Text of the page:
The Movie Review: 'Julie & Julia'

"Repeat after me," Julia Child's husband tells her in the opening moments of Julie & Julia. "Nous cherchons un bon restaurant Francais." "Repeat after me," Julie Powell's husband tells her a few minutes later, "Nine hundred square feet." This is the distance between the film's homonymic protagonists, between the palatial Parisian flat in which Child began writing her seminal Mastering the Art of French Cooking in the 1950s, and the dingy apartment above a Queens pizza parlor in which Powell began blogging her way through its 524 recipes in 2002.

Julie & Julia is, of course, less interested in economic differences than in what it perceives to be spiritual similarities--two women, half a century apart, who reinvent themselves, find meaning and self-confidence in the kitchen, and ultimately achieve fame and fortune. But as these two interwoven stories unspool, viewers may find themselves struck more and more by just how superficial the parallels are. Child and her coauthors, Simone Beck and Louisette Bertholle, revolutionized American cuisine; Powell wrote a blog for Salon.com that she subsequently adapted into a book. Child was a woman of unassailable enthusiasm and world-historical gregariousness; Powell, at least as portrayed in the film, was moody and self-absorbed. Child had a joyous, openly romantic marriage; Powell had a fraught one (indeed, ultimately more fraught even than the film conveys: Her second book, due out in December, describes the extramarital affair in which she indulged following the publication of the first). Julia Child, in short, is a hugely worthy subject for a biographical film; Julie Powell, no offense, is not.

As a result, Julie & Julia, written and directed by Nora Ephron, is a radically unbalanced undertaking. The Child portions of the film, in which Meryl Streep gives what may be the wittiest and most charming performance of her career, are a sheer delight. Streep neatly captures the outsized Child mannerisms that, for those of us born before 1970, approach the texture of genetic memory. But unlike, say, Cate Blanchett's Hepburn impersonation in The Aviator, Streep's performance evokes the underlying spirit as well: effervescent yet indomitable, a radical traditionalist. Child's rapture at her first bite of haute cuisine, a beautifully browned sole meuniere, is palpable; her subsequent culinary exhilarations ("French people eat French food every. single. day. I can't believe it," she gushes) are utterly contagious. And though Streep is at least a half-foot shorter than Child's vertiginous 6'2", Ephron uses a Peter Jacksonesque array of effects and angles to enhance her apparent altitude, and Streep mimics expertly her vaudevillian carriage.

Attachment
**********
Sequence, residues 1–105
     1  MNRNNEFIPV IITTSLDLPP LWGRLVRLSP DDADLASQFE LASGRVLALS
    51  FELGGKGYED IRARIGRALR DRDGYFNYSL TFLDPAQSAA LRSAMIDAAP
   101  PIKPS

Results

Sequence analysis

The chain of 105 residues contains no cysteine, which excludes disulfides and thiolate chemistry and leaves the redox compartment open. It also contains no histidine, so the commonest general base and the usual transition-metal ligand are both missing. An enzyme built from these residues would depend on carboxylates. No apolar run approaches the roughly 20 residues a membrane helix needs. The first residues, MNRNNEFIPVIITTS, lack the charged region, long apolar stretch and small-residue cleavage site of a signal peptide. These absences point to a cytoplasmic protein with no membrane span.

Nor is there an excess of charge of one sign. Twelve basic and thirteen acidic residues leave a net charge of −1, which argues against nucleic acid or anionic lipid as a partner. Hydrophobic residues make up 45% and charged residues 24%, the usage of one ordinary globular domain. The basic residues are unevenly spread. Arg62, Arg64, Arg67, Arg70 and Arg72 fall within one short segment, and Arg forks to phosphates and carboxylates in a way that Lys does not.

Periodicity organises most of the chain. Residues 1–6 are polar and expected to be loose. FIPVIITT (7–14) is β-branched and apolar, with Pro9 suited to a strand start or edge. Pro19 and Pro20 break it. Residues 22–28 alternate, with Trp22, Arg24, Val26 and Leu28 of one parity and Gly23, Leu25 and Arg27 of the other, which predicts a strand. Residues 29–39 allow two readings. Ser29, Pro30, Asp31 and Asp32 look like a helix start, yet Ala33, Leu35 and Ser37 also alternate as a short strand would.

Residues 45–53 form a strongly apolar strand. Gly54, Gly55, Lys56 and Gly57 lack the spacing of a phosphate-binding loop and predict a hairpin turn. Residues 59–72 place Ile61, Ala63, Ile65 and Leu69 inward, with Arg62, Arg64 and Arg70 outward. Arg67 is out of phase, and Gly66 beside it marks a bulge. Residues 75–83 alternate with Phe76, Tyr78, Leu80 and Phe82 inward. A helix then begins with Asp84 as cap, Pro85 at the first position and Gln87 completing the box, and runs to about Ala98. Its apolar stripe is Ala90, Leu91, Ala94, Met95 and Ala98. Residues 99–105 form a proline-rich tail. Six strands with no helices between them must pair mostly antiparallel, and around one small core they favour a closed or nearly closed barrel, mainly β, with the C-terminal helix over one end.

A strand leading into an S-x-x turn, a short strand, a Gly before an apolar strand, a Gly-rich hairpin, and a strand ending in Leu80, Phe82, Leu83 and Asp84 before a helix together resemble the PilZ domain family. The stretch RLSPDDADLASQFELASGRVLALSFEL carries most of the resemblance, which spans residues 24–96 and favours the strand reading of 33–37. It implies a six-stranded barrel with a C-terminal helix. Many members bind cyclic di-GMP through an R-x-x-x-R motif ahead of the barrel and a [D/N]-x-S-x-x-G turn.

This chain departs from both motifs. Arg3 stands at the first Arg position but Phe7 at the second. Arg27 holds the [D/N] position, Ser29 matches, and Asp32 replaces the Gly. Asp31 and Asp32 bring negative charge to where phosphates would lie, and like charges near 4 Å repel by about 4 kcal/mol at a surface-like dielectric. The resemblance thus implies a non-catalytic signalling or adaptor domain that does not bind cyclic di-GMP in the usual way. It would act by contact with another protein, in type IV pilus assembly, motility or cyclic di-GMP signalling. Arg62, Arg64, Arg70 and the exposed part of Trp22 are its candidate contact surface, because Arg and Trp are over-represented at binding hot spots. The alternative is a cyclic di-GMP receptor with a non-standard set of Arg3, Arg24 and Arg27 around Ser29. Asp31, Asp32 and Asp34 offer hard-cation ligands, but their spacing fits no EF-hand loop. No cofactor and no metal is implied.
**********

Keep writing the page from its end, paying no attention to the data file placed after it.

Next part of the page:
As her husband, Paul, Stanley Tucci offers his customary wry wit but also a deeper reservoir of tenderness than he has generally been called on to display. Indeed, Julia and Paul's marriage is among the most appealing portraits of the institution since Nick and Nora Charles teased their way through six murder films in the 1930s and '40s. The Childs are mutually devoted and supportive, yes, but also committedly carnal, whether it's Julia's description of the lunch and "naps" with which the couple filled her midday breaks from Cordon Bleu training, or Paul's feisty translation of a tricky French recipe: "Bathe the thighs in butter and then stuff the hen.... until she just can't take it any more." I won't even relay the obscene simile Child deploys to describe the firmness and heat of boiled manicotti, but it's enough to make Judd Apatow blush. The couplings of this giddy giantess and her bald, bespectacled hubby will probably do more for sex in America than all the frictionless collisions of aerobicized abs that Hollywood inflicts upon us for the next decade.

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Christopher Orr is a senior editor and the principal film critic at The Atlantic. He has written on movies for The New Republic, LA Weekly, Salon, and The New York Sun, and has worked as an editor for numerous publications.

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